Firstly, I'd like to apologize for any misused terms or ways I could have made the description much more succinct. It's been a while since I took machine learning during my bachelor's.
I have two disconnected, directed graphs that I am attempting to merge together. Each node in the graph represents a set of data. Each edge is a member of the data set that is used by the kernel.
For each node in
DG1 I am comparing it to each node in
DG2 into graph
DG3. I compare the data sets of the node via a kernel and determine a similarity confidence. Beyond a given confidence I can merge the two nodes into DG3.
The issue that I'm having is, let's consider two sets of nodes in each of DG1 and DG2 such that:
DG1,N1 -> DG1,N2 (Node1 of Disconnected Graph 1 connects to Node2 of Disconnected Graph 1)
DG2,N1 -> DG2,N2
When trying to determine if
DG2,N1 are similar, I need to take into account their connections. If
DG2,N2 are to be merged (or similar enough), then that makes it more likely that
DG2,N1 are similar. If
DG2,N2 are not similar, then it makes it less likely that
DG2,N1 are similar.
If this is the only connection it's relatively trivial. If the kernel is a function the ratio of the sum the similarities for each property in each node to the sum of all properties in both nodes, then I can just add the resulting value of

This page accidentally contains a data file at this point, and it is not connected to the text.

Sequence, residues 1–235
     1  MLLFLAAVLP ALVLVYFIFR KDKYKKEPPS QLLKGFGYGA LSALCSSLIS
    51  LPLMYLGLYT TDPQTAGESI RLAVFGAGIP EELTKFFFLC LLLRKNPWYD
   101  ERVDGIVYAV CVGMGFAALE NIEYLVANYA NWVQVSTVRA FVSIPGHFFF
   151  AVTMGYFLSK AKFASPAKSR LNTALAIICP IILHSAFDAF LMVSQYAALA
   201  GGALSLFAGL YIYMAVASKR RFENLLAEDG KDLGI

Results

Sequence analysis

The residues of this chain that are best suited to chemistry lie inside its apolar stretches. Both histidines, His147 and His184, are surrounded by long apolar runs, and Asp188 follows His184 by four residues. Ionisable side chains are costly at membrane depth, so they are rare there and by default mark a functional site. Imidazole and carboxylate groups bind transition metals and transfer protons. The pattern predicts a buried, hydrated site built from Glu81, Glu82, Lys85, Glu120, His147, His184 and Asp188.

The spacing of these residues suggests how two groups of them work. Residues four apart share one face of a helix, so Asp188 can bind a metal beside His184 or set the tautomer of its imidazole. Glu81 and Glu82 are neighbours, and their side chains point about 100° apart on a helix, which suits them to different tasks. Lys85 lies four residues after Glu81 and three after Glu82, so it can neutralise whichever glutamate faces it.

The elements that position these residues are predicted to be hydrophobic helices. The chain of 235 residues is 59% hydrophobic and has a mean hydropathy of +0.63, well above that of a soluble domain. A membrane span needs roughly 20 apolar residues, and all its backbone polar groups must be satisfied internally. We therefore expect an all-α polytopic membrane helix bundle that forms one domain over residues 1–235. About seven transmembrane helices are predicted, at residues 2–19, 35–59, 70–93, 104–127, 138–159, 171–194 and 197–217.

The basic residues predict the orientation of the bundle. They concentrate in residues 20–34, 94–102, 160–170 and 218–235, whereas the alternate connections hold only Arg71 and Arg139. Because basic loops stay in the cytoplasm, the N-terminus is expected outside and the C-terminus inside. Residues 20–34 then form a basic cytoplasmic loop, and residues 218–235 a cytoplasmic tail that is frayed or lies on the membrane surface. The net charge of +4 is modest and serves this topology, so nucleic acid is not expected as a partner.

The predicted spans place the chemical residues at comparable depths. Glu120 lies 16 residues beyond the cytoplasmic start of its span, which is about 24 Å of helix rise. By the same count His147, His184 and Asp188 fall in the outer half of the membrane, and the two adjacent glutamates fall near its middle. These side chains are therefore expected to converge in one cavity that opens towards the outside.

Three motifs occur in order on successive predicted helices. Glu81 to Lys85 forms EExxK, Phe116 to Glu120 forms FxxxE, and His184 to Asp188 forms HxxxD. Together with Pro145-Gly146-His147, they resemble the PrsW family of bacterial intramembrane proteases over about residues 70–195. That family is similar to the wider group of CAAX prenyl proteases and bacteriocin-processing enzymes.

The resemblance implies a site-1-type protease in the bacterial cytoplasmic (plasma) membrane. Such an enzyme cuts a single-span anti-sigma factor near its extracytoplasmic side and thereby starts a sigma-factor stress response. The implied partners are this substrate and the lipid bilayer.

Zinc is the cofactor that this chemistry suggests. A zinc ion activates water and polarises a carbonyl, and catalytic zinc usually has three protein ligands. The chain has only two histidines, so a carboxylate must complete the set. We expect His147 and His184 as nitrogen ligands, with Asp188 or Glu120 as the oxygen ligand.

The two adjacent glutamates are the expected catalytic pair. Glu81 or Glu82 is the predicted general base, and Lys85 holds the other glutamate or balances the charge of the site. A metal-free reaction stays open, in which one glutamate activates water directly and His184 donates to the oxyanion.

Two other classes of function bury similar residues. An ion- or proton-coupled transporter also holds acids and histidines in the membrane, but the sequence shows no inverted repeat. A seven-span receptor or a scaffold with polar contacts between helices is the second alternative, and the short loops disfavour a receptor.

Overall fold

kernel(<DG1,N2> ,<DG2,N2>) (where '1' would be the result if they are identical).
The problem that I have is (and I bet this is a common one), what to do with cycles? In this instance, where:
DG1,N2 -> DG1,N1
DG2,N2 -> DG2,N1
I've considered simply ignoring the edges (subtracting the value both from the sum of similarities and sum of every property), calculating a similarity, putting this value into the kernel and re-applying. This sounds to me like it could be represented as something similar to a Markov chain, in which I continually reapply this method to itself until it converges.
So I guess my question boils down to: Is there a way of determining a convergent probability that two nodes are similar? Is there a simple way this can be represented/calculated, possibly by something similar to a Markov chain?